March is National Colon Cancer Awareness Month
Posted 2/26/2015 by UHBlog
Did you know that colon cancer is the second leading cancer-related cause of death, and often has no symptoms? Or that 90 percent of people diagnosed are 50 and older? The good news is that when it is detected early with regular screenings, colon cancer has a 90 percent survival rate.
Be proactive. There are several tests that can help diagnose colon cancer, but experts agree that a colonoscopy is the gold standard for early detection and prevention. During a colonoscopy, a doctor looks for polyps in the colon which, if found, can usually be removed during the procedure. Given that polyps can take many years to develop into cancer, removing them at an early stage decreases the likelihood of disease.
Modify your diet. Although you cannot totally eliminate the risk of getting colon cancer, certain lifestyle changes such as eating a high-fiber, low-fat, calcium-rich diet, and getting regular exercise have been shown to reduce the incidence of polyps.
The value of lifestyle modification is evident in the case of Nancy, a 50-year-old woman with no family history of colon cancer. Irritable bowel issues led to her first colonoscopy when she was in her mid-30s, at which time several polyps were found and removed. Subsequent colonoscopies continued to detect pre-malignant polyps. Moved to a yearly screening regimen by her doctor, Nancy was determined to take control of her health. She eliminated processed foods from her diet and increased her intake of healthy, high-fiber foods. One year later, her colonoscopy revealed minimal changes and she was returned to a three-year schedule.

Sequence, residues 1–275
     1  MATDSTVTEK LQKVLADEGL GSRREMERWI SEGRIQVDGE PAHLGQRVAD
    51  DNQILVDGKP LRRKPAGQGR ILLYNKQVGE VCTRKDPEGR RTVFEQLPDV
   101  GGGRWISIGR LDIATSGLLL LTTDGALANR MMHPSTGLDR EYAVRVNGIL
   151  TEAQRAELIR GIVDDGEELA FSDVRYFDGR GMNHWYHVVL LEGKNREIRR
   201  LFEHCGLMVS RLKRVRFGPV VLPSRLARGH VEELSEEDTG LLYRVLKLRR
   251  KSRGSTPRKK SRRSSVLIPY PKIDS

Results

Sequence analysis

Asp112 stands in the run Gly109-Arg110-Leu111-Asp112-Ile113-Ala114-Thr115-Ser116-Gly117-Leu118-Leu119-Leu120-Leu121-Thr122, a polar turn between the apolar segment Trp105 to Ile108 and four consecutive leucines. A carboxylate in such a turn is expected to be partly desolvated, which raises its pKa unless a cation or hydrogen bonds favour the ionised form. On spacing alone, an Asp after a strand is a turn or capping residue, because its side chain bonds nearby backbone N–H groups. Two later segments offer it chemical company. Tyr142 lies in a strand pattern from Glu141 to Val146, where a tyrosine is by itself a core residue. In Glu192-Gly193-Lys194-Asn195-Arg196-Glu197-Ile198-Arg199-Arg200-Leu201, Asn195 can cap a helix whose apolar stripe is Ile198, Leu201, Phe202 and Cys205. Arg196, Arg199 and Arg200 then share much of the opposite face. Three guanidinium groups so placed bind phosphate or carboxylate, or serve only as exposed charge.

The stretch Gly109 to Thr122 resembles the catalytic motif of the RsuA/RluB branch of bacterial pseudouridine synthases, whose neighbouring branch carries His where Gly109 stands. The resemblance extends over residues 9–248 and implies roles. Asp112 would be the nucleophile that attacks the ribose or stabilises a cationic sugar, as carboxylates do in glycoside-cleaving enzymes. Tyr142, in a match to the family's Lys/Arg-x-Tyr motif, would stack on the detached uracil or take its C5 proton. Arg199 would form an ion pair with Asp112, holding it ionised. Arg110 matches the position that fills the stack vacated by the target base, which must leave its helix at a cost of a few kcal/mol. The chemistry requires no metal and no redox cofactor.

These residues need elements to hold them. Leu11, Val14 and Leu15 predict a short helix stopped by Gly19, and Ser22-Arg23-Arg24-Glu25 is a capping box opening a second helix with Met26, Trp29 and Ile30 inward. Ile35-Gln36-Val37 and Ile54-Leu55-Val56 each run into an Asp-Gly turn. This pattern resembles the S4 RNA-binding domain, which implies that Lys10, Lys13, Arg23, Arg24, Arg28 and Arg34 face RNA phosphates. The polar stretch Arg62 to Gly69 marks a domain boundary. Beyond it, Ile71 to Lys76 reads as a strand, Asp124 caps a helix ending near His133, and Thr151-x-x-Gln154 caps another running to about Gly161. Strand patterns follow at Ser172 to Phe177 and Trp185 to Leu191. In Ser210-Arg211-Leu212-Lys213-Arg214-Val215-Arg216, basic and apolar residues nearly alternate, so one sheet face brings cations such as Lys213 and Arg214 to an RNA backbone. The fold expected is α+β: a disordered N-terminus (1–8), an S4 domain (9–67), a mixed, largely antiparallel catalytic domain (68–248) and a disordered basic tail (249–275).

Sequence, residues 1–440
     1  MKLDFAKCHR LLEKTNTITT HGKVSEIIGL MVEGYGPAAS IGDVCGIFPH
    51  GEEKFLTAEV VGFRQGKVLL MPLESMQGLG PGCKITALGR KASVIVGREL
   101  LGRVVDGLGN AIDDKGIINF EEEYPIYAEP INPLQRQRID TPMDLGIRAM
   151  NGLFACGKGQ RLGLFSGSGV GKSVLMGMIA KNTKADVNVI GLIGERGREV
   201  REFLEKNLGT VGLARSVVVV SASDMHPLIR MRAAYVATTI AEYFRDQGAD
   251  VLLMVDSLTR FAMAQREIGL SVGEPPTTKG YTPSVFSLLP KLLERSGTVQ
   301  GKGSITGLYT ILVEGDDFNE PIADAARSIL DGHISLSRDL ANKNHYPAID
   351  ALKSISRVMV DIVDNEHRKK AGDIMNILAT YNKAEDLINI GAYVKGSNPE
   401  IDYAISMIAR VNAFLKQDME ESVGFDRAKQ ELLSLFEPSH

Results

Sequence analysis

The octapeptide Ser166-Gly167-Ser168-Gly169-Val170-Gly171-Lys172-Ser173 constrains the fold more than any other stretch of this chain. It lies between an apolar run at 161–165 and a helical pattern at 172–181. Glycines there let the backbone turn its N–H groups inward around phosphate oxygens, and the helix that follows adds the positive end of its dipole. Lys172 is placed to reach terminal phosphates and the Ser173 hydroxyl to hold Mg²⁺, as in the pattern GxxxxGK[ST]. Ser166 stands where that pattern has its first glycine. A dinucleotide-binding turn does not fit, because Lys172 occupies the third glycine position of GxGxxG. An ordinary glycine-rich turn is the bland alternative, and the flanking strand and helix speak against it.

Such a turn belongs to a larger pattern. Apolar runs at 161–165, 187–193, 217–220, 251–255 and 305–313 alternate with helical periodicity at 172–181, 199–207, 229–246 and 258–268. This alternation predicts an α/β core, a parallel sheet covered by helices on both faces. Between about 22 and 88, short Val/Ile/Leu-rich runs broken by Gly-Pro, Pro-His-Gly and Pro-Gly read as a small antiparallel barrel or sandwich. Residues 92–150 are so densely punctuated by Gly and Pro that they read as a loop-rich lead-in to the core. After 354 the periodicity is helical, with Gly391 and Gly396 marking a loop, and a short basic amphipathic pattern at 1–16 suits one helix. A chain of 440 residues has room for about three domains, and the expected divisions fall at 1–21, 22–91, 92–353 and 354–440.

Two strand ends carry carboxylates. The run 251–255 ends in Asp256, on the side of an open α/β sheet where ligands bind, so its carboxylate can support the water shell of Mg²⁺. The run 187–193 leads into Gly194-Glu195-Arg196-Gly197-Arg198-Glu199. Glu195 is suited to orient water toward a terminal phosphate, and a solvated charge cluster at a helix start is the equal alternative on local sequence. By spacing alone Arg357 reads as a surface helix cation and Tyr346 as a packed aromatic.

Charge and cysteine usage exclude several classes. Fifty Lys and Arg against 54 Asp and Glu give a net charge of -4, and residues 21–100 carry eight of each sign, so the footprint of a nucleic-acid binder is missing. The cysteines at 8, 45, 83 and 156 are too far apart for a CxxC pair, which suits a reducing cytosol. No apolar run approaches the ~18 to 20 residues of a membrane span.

Don’t delay. Talk to your physician about your risk factors for colon cancer and schedule your colonoscopy today. If you don’t have a primary care physician, you can find one online here, or by calling 1-866-UH4-CARE.
Learn about colorectal cancer risks, screenings and survivor stories.